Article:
This Week in Business Travel History – 8 April 2012
In 1860, the first Pony Express trip reached San Francisco, California. The mail service only lasted until October 1861, when it closed as a result of the Civil War and the advent of the transcontinental telegraph.
Pierre Prier made the first ever non-stop passenger flight between London and Paris in 1911. Today, multiple airlines still fly this route every day.
In 1918, the Loughead brothers flew their F-1 seaplane from Santa Barbara to San Diego, a distance of 211 miles (340 kilometers), in 181 minutes. They would later found the Lockheed Corporation (after changing their names), which would go on to merge with the Martin Marietta Corporation to form Lockheed Martin in 1995.
Charles Lindbergh became the Chief Pilot for Robertson Aircraft Corporation in 1926, flying a mail route between Saint Louis and Chicago. This same week in 1971, Lindbergh and a group of scientists were evacuated by the U.S. Air Force’s 31st Aerospace Rescue Squadron from Mindanao Island, Philippines, after their helicopter had crashed. Lindbergh died three years later, at age 72, in Hawaii.
In 1937, Sir Frank Whittle conducted ground tests of the world’s first jet engine that was specifically designed to power an aircraft.
Yuri Gagarin became the first human in space, in 1961, flying a Russian Vostok 3KA space capsule into orbit on mission Vostok 1. Gagarin orbited the planet once, spending about 89 minutes in space before he returned to Earth.
In 1966, Boeing announced that Pan Am had placed a $525 million order for 25 747 jumbo jets. Pan Am was the launch customer for the 747 (pictured), which went on to become one of the most recognizable planes in the world.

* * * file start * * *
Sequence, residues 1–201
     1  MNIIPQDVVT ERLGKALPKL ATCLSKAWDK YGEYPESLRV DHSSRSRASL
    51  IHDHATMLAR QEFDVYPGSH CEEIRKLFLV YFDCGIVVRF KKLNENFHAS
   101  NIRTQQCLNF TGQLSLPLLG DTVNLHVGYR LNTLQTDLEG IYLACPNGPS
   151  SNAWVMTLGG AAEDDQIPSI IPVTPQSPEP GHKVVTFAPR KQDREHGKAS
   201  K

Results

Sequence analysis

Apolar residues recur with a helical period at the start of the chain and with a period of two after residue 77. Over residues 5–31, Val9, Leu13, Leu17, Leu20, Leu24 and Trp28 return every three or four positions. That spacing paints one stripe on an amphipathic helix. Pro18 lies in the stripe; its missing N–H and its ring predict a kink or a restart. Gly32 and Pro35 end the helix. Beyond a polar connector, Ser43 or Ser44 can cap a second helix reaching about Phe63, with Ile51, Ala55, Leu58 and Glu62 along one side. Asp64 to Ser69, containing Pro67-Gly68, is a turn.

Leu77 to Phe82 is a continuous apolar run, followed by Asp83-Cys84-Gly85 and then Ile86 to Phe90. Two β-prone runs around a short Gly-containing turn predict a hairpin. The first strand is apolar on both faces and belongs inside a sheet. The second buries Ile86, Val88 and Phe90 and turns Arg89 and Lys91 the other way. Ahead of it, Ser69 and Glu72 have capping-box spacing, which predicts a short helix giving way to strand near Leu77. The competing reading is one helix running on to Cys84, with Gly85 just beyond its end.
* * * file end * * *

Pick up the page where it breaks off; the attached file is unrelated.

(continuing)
Concorde 002 made its first successful flight in England in 1969. The supersonic aircrat flew from Filton, Bristol to RAF Fairford. The Concorde fleet was finally retired in November 2003, a result of low passenger numbers following a crash in 2000.
In 1970, Apollo 13 was launched on a mission to the Moon, but was famously unable to land, and returned to Earth six days later. The mission later became the subject of a movie that was released in 1995 and which won nine Academy Awards.
Nine American table tennis players, four officials, and two spouses arrived in China, heralding the start of “Ping-Pong diplomacy” between the two nations. Five American journalists also traveled to China to cover the visit, which ended the information blockade that the People’s Republic had in place since 1949. These were the first Americans allowed into China since the Communist takeover in 1949, and paved the way for future business travelers.
In 1981, the U.S. Space Shuttle program began with the first launch of Space Shuttle Columbia on mission STS-1. The two-man flight crew (Commander John W. Young and Pilot Robert Crippen) spent 54 and a half hours in orbit. Thirteen years later, in 1994, STS-59 Endeavour launched into orbit on a mission to gather information about global environmental changes.
Finally, in 1992, American Airlines announced that it was scrapping its old, complicated fare system for a new system with only four kinds of fares. The fare system revamp led to an average of 38% reduction of coach fares, 20-50% reduction on first-class flights, and other airlines soon followed suit. Hopefully American Airlines decides that after 20 years, a new revamp may be in order…
(Photo: Eduard Marmet)